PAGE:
For centuries people have owned, collected and exhibited material artwork: from paintings and sculptures to film and photography. However, the re-emergence of performance art – inherently immaterial and ephemeral – poses a number of distinct legal issues around ownership, protection and authorship.
What exactly is performance art? The Tate defines it as ‘artworks that are created through actions performed by the artist or other participants, which may be live or recorded, spontaneous or scripted’. Each piece may combine and merge various artistic disciplines to form its own unique performance. As such, not only does this art form transcend traditional artistic boundaries, but it also challenges the traditional legal categorisations of what amounts to artistic ‘work’ that is protected by law. Contract and intellectual property law do, however, offer performance artists some protection.
By way of contract, either written or oral, the performance artist can outline a set of specific instructions and restrictions related to the performance work in exchange for an agreed fee. The terms of the contract can be tailored to the artist’s unique and specific vision. They may grant rights to re-perform their work, for example, or restrict the transfer of ownership to a sole collector (as a party to the contract). Tino Sehgal, for instance, insists on the use of oral contracts. In 2008, the New York Museum of Modern Art (MOMA) purchased his performance-related artwork ‘Kiss’ through an oral contract that was made in the presence of a notary. No documentation was produced in relation to the acquisition, presentation, or installation of his intangible work, yet MOMA acquired the right contractually to re-produce the performance in perpetuity.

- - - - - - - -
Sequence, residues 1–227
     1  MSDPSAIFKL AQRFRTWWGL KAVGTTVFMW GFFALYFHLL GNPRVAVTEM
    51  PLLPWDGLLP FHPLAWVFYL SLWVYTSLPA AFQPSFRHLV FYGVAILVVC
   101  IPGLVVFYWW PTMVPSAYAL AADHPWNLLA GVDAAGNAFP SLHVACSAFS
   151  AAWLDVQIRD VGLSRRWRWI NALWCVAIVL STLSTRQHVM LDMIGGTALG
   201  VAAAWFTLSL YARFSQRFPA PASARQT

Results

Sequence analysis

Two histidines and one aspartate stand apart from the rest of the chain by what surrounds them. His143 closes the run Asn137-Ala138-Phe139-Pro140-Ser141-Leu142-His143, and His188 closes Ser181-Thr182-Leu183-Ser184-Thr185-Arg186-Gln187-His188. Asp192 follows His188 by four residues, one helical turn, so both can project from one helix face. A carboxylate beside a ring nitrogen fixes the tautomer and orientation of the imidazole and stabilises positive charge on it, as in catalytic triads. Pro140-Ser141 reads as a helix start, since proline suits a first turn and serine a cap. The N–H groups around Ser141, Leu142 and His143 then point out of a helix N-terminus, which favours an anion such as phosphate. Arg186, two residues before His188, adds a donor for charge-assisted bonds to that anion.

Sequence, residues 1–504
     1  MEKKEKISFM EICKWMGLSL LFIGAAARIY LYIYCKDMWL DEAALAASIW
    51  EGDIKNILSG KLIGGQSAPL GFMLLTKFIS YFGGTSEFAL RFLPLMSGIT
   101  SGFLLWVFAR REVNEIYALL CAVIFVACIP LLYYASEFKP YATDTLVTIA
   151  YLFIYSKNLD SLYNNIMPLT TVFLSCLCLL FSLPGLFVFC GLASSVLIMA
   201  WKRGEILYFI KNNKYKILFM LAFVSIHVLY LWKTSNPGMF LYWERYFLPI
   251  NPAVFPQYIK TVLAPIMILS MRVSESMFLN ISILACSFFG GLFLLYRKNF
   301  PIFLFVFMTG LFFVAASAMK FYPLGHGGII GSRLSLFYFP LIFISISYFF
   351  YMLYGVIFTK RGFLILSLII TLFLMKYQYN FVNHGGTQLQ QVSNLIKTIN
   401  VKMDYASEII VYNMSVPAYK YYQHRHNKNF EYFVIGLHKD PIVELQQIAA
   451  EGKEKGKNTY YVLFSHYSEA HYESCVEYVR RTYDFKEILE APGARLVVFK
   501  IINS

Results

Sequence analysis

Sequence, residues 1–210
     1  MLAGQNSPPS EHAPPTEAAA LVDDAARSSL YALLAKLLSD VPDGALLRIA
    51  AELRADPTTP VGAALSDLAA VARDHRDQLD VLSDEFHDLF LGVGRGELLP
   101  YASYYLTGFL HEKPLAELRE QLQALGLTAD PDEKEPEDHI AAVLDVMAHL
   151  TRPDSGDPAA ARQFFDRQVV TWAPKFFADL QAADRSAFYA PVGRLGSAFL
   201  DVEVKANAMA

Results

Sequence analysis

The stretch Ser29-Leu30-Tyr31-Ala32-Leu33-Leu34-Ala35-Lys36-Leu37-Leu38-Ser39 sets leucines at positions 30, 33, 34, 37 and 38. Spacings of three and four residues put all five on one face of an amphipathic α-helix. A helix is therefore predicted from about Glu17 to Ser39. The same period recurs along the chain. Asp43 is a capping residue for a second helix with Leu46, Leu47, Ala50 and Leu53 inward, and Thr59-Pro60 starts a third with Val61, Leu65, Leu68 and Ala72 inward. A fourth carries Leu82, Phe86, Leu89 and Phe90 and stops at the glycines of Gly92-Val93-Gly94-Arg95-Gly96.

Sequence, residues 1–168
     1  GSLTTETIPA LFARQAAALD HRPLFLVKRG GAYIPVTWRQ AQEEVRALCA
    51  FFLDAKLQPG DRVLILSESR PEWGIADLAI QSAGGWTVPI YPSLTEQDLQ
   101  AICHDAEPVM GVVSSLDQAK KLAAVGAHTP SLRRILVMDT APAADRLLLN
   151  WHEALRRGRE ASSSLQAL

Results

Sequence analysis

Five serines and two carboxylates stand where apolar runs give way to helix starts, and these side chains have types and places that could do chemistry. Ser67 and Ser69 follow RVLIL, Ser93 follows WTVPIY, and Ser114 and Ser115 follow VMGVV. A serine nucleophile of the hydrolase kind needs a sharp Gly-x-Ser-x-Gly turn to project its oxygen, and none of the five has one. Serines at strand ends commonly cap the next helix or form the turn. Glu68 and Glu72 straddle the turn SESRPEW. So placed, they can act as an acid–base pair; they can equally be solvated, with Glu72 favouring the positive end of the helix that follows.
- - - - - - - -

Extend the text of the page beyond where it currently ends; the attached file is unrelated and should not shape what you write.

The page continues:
In the UK, artists can look to the Copyright, Design and Patents Act 1988 (the Act) for protection provided their works can satisfy the Act’s requirements. The Act sets out categories of original ‘works’ protected by copyright: these are literary, dramatic, musical works, sound recordings, films, broadcasts or typographical arrangement of published editions. To warrant copyright protection, however, such ‘works’ must be fixed in a tangible medium of expression (written or recorded). As such, although performance art is inherently elusive and immaterial, it may be protected by copyright – in part or in whole – through recording by film, writing, or otherwise. If an artist can demonstrate he/she owns the copyright in a work, the artist will have exclusive rights over certain uses of that work. These rights fall into two categories: economic rights and moral rights.
Performance art is typically categorised with ‘dramatic works’ as defined under the Act, which, as per Norowzian v Arks Ltd (1999) includes a ‘work of action, with or without music, capable of being performed’. Whilst this evidently covers scripted or choreographed performances, it is not clear whether performance works which are reliant on the spontaneous and unpredictable reactions of visitor-participants are capable of being protected. As such, unless there is a sufficiently detailed record of the performance to present a coherent performance artwork, it is arguable whether the entire performance will be protected under that category.
To the extent that the work is capable of protection, a copyrighted performance will benefit from copyright protection for a certain duration, depending on the format through which it has been ‘fixed’. Original literary, dramatic, musical or artistic works, as well as film, will be protected for 70 years from the author/creator’s death. By contrast, sound or musical recordings will be protected for 70 years from when the work is first made available to the public.